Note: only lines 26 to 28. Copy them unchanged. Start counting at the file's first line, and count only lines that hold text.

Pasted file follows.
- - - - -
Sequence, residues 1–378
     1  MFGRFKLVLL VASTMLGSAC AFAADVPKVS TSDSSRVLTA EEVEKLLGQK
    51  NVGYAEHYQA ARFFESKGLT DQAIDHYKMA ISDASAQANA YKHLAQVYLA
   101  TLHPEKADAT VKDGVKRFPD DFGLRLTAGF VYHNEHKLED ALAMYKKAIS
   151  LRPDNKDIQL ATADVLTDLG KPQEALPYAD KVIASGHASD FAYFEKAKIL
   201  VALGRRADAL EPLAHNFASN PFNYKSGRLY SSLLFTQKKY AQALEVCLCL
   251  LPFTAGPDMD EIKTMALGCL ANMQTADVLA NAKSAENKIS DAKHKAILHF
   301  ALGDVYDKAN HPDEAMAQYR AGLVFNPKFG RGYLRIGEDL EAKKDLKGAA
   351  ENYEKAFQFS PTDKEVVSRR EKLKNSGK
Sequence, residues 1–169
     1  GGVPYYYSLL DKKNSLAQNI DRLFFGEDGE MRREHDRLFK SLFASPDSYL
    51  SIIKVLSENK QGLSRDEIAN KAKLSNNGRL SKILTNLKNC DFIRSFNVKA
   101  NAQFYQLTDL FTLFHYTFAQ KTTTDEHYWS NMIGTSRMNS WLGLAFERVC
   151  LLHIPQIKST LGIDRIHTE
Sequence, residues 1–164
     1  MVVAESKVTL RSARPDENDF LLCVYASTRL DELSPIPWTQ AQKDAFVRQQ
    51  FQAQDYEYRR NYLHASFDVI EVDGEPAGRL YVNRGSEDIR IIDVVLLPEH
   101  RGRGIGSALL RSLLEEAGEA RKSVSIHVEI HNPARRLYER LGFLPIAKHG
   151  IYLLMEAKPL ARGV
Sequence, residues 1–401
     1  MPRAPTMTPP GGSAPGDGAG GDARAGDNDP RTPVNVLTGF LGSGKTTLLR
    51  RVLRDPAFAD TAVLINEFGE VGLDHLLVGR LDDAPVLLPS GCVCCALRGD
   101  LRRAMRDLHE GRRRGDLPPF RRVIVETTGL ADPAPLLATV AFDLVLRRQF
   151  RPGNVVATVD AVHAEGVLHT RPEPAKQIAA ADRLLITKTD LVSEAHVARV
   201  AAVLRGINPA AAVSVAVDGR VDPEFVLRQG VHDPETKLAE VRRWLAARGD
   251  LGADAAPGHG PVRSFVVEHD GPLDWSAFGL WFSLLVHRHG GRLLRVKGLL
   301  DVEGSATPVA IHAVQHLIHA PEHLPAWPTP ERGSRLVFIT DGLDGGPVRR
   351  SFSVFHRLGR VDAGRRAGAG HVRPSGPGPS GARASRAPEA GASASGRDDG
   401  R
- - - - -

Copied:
   251  LGADAAPGHG PVRSFVVEHD GPLDWSAFGL WFSLLVHRHG GRLLRVKGLL
   301  DVEGSATPVA IHAVQHLIHA PEHLPAWPTP ERGSRLVFIT DGLDGGPVRR
   351  SFSVFHRLGR VDAGRRAGAG HVRPSGPGPS GARASRAPEA GASASGRDDG